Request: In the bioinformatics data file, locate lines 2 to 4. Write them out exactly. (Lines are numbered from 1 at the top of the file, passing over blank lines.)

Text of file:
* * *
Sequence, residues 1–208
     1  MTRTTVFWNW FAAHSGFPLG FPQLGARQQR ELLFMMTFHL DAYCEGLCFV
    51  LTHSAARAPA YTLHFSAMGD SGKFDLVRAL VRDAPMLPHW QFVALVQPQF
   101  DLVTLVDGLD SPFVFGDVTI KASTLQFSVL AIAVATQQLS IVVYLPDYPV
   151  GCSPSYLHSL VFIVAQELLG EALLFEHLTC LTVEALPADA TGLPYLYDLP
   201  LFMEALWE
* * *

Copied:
     1  MTRTTVFWNW FAAHSGFPLG FPQLGARQQR ELLFMMTFHL DAYCEGLCFV
    51  LTHSAARAPA YTLHFSAMGD SGKFDLVRAL VRDAPMLPHW QFVALVQPQF
   101  DLVTLVDGLD SPFVFGDVTI KASTLQFSVL AIAVATQQLS IVVYLPDYPV